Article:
Music database


Ferenc Farkas

Ferenc Farkas

born on 15/12/1905 in Nagykanizsa, Westtransdanubien, Hungary

died on 10/10/2000 in Budapest, Mittelungarn, Hungary

Links (English)

Ferenc Farkas

From Wikipedia, the free encyclopedia.

Ferenc Farkas (15 December 1905 – 10 October 2000) was a Hungarian composer.


Born into a musical family (his father played the cimbalom and his mother played the piano) in Nagykanizsa, Farkas began his musical studies in Budapest, at the Protestant Gymnasium (Grammar School) and later attended the Music Academy, where he studied composition with Leó Weiner and Albert Siklós.

After his graduation in 1927, he worked as a repetiteur and conductor at the Municipal Theatre of Budapest and collaborated with the Diaghilev Ballet. From 1929 to 1931, he attended Ottorino Respighi's masterclass at the Accademia Nazionale di Santa Cecilia in Rome. The years he spent in Rome had a decisive influence on him. He became acquainted with Italian and Mediterranean culture to which he felt a deep attraction. About this he said: "My principal aim has always been to attain for myself a latin clarity and proportion.".[1]

Farkas returned to Budapest in the autumn of 1931. As he could not find any other assignments, he played the piano in various theatre orchestras. In 1932 he met the director Paul Fejos for whom he composed several film scores, first in Hungary, then in Vienna and Copenhagen. This collaboration was to be for Farkas the beginning of an impressive series of “applied” music (music for around 75 films and 44 theatre plays and radio plays).

In the spring of 1934 he conducted research of his own into traditional Hungarian music by collecting folk songs in Somogy County: "When I got back from my travels abroad, it became clear to me that the work and research of Bartók and Kodály raised crucial problems that we as Hungarians, had to resolve ourselves. ".[1]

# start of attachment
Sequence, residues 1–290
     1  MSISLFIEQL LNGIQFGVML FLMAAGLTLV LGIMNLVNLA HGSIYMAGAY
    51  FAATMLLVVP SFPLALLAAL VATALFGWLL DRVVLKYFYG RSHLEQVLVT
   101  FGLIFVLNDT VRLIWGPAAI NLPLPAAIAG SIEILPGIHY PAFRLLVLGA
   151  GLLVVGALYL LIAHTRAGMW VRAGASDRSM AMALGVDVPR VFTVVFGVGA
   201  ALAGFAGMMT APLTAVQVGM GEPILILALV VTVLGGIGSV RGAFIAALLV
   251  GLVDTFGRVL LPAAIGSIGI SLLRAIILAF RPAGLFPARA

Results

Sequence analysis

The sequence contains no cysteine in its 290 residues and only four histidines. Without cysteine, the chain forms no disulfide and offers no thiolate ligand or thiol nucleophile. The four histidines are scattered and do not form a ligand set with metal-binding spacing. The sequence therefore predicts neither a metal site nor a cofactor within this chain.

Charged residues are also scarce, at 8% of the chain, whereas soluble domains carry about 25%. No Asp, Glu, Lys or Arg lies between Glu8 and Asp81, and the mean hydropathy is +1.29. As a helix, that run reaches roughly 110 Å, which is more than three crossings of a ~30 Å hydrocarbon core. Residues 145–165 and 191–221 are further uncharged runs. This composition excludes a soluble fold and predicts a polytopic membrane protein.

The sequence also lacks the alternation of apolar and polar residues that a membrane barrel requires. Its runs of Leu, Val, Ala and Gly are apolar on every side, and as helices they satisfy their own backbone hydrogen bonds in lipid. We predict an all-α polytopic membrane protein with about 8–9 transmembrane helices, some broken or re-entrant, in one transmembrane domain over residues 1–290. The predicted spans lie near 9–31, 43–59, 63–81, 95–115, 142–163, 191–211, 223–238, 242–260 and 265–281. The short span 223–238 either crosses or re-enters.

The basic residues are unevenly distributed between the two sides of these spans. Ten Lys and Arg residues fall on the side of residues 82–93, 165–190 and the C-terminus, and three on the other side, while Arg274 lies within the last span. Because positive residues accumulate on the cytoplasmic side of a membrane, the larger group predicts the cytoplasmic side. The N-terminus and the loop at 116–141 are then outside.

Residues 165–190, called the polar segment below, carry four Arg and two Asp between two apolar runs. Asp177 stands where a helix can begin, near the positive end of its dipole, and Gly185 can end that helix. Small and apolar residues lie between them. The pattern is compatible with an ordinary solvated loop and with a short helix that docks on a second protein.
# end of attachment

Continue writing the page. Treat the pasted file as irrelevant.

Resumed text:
From 1935 he taught at the Budapest City Music School. From 1941-44 he was professor of composition and director at the Conservatory of Kolozsvàr (today Cluj-Napoca in Romania) and he conducted the city's Opera Chorus. At the end of 1944, because of the war, he had to go back to Hungary. During the siege of Budapest, he worked as the deputy conductor of the Opera Chorus.

In 1946, he was sent to Székesfehérvár where he founded and managed the Conservatory. He was nominated professor of composition at the Franz Liszt Music Academy of Budapest in 1949, a post he held until his retirement in 1975. As a professor he was to have his greatest influence in the second half of the century. Among his students were: György Kurtág, György Ligeti, and Miklós Kocsár.


"From the beginning, I have been involved in all areas of music ; I have not wanted to create only a small corner of a room, full of atmosphere, with a personal and sophisticated taste, but spaces, large and small, arranged differently, pleasant to live in, with open windows".[1]

Farkas's works include over seven hundred opuses. He composed in all genres, opera, ballet, musicals and operettas, orchestral music, concertos, chamber music and sacred music. His wide literary culture enabled him to set words to music in 13 languages, stemming from about 130 writers and poets both ancient and modern.

Main works

Most of the works mentioned below are accompanied by an external link referring to a single source: the official website of Ferenc Farkas (see "External Links") which provides a detailed description of the work and a musical extract.

Stage music

  • Az Ember tragédiája (The tragedy of man), incidental music for the play by Imre Madách (1935)
  • A Bűvös szekrény (The magic cupboard), opera (1942)
  • Furfangos diákok (The sly students), ballet (1949, rev.1956)
  • Csínom Palkó, popular romantic opera (1960)
  • Piroschka, musical comedy (1964)
  • Egy Úr Velencéből, Casanova (A gentleman from Venice, Casanova), opera (1979-1980)

Works for symphony orchestra

Works for string orchestra


Chamber music

Works for instrumental solos


Cantatas, oratorios

  • Cantata lirica, cantata for mixed choir and orchestra, Hungarian text by Jenö Dsida, German translated by Anneliese Eulau-Felsenstein (1945)
  • Cantus Pannonicus, cantata for soprano solo, mixed choir and orchestra, text in Latin by Janus Pannonius (1959)
  • Ein Krippenspiel aus Köröshegy, Weihnachtskantate (Nativity play of Köröshegy, Christmas cantata) edited in English, German, French, Hungarian, for narrator, mixed or children’s choir, organ and instrumental ensemble (6 instruments) or orchestra (1970)